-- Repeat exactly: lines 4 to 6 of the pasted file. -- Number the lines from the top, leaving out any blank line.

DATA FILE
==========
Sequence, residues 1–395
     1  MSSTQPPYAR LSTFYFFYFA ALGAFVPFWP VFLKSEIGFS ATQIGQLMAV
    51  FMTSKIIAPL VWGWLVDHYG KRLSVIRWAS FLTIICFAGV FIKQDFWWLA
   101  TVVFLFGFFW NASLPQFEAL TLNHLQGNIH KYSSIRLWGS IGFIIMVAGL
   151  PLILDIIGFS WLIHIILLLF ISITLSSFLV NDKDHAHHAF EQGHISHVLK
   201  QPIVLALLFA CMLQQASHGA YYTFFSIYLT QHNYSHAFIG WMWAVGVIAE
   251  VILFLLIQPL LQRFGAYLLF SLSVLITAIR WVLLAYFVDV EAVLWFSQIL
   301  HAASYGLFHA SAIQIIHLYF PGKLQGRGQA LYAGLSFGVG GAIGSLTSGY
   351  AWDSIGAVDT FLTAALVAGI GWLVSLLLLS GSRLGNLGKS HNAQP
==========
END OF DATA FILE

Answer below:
   101  TVVFLFGFFW NASLPQFEAL TLNHLQGNIH KYSSIRLWGS IGFIIMVAGL
   151  PLILDIIGFS WLIHIILLLF ISITLSSFLV NDKDHAHHAF EQGHISHVLK
   201  QPIVLALLFA CMLQQASHGA YYTFFSIYLT QHNYSHAFIG WMWAVGVIAE